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It can be hard to live up to expectations when you’re supposed to save the world.
That’s the metric that much of the media has been applying to the COP26 climate conference, which just wrapped up in Glasgow. And this gathering of diplomats, activists and business leaders most certainly did not make climate change go “poof.”
But the actual halting of carbon emissions can’t happen within a windowless conference room. It needs to unfold across the many activities that people, companies and governments take part in worldwide. The diplomats toiled largely out of sight until they finally reached an agreement Saturday. That meant the news breaking throughout the event was dominated more by folks outside of government saying what they’re going to do differently to slow climate change.
As I tried to understand who the real protagonists at COP26 were, I called up our Political Climate podcasting colleague Julia Pyper, who recently returned from Glasgow.
She pointed out that, at the end of the day, the Paris Agreement is voluntary.
Under that 2015 treaty, national governments set their own goals. And within many countries — like the U.S. — much of the climate action is voluntary as well. Governments are putting forth targets, but often not mandating action to meet them. Increasingly, companies are stepping up to at least make pledges to reach net-zero emissions and take other steps to clamp down on carbon emissions.
“When you have industry and corporate commitments, in some ways that’s the actual doers saying that they’re going to get something done,” Pyper said. Then the question is, “Is it a genuine commitment, or is it greenwashing?”
If the corporate commitments end up upstaging the diplomatic work at this COP, that may not be a terrible thing. But those commitments are only as good as their implementation, and that will take more time to assess.
For more of Julia’s observations and reflections from Glasgow, listen to the latest episode of Political Climate. It tallies the global financial commitments from the event and analyzes how those could turn into real-world changes where they’re most needed. And stay tuned this week for more analysis of the late-breaking Glasgow agreement.
Clean energy strikes back
The first Catalyst episode encapsulates the modern history of climatetech investing in under an hour. Host Shayle Kann and fellow cleantech investor Ramez Naam sift through the wreckage of Cleantech 1.0 to discern what went wrong and what, if anything, is different this time around.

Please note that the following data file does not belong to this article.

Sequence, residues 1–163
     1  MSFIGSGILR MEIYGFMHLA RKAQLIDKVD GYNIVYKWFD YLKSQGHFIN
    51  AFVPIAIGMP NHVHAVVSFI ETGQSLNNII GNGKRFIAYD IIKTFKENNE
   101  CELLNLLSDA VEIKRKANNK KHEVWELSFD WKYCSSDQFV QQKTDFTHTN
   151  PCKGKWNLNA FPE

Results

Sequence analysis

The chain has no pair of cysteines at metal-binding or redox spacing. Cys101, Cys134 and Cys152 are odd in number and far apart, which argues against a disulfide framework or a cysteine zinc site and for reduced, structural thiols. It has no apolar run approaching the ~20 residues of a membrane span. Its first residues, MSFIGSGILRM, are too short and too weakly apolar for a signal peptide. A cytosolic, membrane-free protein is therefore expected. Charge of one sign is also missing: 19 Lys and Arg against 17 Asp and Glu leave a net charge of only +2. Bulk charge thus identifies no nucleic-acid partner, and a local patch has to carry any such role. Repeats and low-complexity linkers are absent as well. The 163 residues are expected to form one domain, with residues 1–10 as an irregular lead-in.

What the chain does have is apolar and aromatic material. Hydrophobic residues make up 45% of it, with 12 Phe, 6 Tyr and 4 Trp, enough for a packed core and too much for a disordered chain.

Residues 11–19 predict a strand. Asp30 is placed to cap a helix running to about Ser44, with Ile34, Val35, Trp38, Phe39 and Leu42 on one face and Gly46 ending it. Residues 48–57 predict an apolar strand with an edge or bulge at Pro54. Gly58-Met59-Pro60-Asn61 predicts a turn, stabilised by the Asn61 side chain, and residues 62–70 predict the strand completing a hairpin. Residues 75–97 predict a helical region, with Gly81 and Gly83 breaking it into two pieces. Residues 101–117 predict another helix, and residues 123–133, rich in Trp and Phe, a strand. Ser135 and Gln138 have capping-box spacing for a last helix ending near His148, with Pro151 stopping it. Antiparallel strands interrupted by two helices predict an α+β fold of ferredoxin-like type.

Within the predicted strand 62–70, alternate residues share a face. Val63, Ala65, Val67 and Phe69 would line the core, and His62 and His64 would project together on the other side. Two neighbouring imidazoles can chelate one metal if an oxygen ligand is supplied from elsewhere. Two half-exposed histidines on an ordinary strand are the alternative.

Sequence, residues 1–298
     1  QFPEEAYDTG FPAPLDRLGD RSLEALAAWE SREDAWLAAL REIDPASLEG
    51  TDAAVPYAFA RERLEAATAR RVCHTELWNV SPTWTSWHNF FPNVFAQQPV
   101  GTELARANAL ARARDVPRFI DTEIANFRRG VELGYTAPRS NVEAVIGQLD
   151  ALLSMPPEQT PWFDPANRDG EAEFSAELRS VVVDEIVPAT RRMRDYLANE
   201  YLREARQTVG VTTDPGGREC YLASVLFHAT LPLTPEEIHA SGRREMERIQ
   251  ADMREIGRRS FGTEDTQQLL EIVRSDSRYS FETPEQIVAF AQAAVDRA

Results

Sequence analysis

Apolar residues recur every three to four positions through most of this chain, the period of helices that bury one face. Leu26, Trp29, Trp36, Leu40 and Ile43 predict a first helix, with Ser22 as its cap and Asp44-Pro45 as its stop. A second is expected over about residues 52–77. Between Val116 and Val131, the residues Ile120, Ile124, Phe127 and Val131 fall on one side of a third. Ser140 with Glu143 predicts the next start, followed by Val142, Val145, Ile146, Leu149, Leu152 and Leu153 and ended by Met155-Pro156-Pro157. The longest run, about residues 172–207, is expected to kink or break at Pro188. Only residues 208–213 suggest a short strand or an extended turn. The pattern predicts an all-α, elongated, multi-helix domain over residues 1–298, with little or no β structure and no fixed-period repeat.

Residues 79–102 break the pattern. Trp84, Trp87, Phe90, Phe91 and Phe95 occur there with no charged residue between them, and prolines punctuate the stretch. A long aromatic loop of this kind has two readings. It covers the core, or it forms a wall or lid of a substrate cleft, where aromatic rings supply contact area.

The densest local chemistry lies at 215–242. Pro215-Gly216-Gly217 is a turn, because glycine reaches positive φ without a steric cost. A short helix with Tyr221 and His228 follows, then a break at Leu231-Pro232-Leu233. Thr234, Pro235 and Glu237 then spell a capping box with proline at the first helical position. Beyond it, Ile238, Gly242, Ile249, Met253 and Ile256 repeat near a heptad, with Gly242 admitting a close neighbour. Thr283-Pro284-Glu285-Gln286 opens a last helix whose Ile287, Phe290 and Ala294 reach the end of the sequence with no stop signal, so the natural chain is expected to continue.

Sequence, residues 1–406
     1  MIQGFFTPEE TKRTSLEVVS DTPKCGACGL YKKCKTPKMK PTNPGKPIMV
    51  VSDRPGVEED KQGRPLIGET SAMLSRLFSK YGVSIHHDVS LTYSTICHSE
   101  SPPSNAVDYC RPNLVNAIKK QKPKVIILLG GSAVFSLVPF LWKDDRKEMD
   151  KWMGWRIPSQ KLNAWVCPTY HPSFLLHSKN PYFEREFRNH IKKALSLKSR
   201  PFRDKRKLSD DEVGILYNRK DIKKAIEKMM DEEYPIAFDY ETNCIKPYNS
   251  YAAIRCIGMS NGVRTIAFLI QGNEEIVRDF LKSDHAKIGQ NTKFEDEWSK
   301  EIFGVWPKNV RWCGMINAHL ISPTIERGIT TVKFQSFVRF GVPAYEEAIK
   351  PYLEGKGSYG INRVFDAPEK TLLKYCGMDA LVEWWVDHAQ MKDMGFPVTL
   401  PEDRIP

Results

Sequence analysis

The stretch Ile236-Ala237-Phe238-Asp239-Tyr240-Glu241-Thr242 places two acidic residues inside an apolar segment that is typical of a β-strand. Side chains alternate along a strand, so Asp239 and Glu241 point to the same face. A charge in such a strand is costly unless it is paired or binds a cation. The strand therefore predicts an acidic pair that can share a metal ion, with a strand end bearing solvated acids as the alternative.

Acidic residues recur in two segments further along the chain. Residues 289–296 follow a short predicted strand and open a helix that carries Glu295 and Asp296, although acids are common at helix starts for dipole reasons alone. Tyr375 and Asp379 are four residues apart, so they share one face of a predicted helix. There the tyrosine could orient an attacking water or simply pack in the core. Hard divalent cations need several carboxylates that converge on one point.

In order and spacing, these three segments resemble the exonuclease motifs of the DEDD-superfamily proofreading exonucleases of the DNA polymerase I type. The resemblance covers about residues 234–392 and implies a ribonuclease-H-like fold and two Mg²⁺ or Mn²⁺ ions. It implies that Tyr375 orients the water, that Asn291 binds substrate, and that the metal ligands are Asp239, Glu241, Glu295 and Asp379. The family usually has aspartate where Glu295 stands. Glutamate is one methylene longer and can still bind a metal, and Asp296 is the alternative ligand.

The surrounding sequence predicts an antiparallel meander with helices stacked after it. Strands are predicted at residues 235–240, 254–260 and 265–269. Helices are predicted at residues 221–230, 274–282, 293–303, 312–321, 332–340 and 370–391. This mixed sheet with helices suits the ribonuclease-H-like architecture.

If you’ve joined the clean energy world in the last few years, the early era of clean energy investing must feel ancient and inaccessible. Some heroes emerged from that late 2000s/early 2010s epoch, but a lot of money went down the drain.
Venture capitalists bet millions on things you don’t hear much about these days, like thin-film solar panels and battery swapping. But mainstream solar PV whomped competitors like thin-film, and battery-swap startup Better Place collapsed after burning through a pile of cash. Hardware investments ended up looking like a terrible idea.
For years, the conventional wisdom was that venture investors had better forget about energy and focus on changing the world through enterprise software subscriptions.
Now investor sentiment is changing, and more money is flowing to long-shot climate hardware ventures. At stake is humanity’s ability to get breakthrough low-carbon technology up and running in time to stop runaway climate change.
Oil strikes back
VC enthusiasm for longshot energy hardware startups isn’t the only indicator making it feel like 2007 all over again. So is a surge in the price of oil.
If you buy into that whole concept of supply and demand, high prices should put a damper on fossil fuel combustion. That’s theoretically good for reducing carbon emissions. But when people have no real choice but to consume fossil fuels in order to survive and the price spikes, that creates financial pain, which complicates the ambitious undertaking to remake the global energy system.
If you care about the transition to clean energy, it’s crucial to understand how shifts in the oil and gas sector affect people’s appetite for change. That’s where Stephen Lacey delves for the first episode of narrative news podcast The Carbon Copy.
He’s joined by Deborah Gordon, a senior principal in the Climate Intelligence Program at RMI and author of No Standard Oil: Managing Abundant Petroleum in a Warming World. (Canary Media is an independent affiliate of RMI.)
Louisiana’s pathway from oil and gas to clean industry
Oil, gas and chemicals are big business in Louisiana. But as climate impacts become ever more devastating for the Gulf Coast state, Governor John Bel Edwards (D) is moving to divorce the state’s economy from carbon emissions.
The way forward could include cleaning up the electric grid and building out hubs of carbon-free hydrogen production, according to an essay from analyst Olivia Ashmoore from think tank Energy Innovation.
Industrial activities are Louisiana’s biggest source of greenhouse gases by far. If the state switches fossil energy sources to electricity and hydrogen, it could drastically reduce emissions while adding jobs.
This sort of scenario upends the assumption that slashing emissions means gutting economic opportunity. By strategically clustering clean electricity production with green hydrogen production, Louisiana could instead model a new type of heavy industry.
Nobody’s pulled off this type of industrial shift yet, but other countries are already investing in it. Louisiana has a shot to lead the first wave of adoption.
Julian Spector is senior reporter at Canary Media.